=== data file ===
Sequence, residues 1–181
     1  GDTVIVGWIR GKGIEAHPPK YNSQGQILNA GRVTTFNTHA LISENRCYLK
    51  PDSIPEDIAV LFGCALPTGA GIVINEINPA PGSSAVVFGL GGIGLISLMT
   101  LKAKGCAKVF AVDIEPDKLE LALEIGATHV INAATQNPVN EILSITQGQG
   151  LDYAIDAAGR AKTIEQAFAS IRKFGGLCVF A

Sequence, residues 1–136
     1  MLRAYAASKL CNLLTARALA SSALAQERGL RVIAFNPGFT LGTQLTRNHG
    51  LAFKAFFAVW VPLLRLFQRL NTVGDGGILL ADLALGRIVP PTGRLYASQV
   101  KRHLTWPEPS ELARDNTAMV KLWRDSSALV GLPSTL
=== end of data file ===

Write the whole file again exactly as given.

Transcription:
Sequence, residues 1–181
     1  GDTVIVGWIR GKGIEAHPPK YNSQGQILNA GRVTTFNTHA LISENRCYLK
    51  PDSIPEDIAV LFGCALPTGA GIVINEINPA PGSSAVVFGL GGIGLISLMT
   101  LKAKGCAKVF AVDIEPDKLE LALEIGATHV INAATQNPVN EILSITQGQG
   151  LDYAIDAAGR AKTIEQAFAS IRKFGGLCVF A

Sequence, residues 1–136
     1  MLRAYAASKL CNLLTARALA SSALAQERGL RVIAFNPGFT LGTQLTRNHG
    51  LAFKAFFAVW VPLLRLFQRL NTVGDGGILL ADLALGRIVP PTGRLYASQV
   101  KRHLTWPEPS ELARDNTAMV KLWRDSSALV GLPSTL